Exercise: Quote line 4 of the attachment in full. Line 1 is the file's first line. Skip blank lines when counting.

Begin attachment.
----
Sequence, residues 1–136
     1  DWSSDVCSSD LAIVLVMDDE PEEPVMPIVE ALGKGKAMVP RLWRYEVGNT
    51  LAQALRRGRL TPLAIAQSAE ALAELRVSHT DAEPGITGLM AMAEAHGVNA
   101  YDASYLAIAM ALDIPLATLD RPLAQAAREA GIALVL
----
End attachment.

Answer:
   101  YDASYLAIAM ALDIPLATLD RPLAQAAREA GIALVL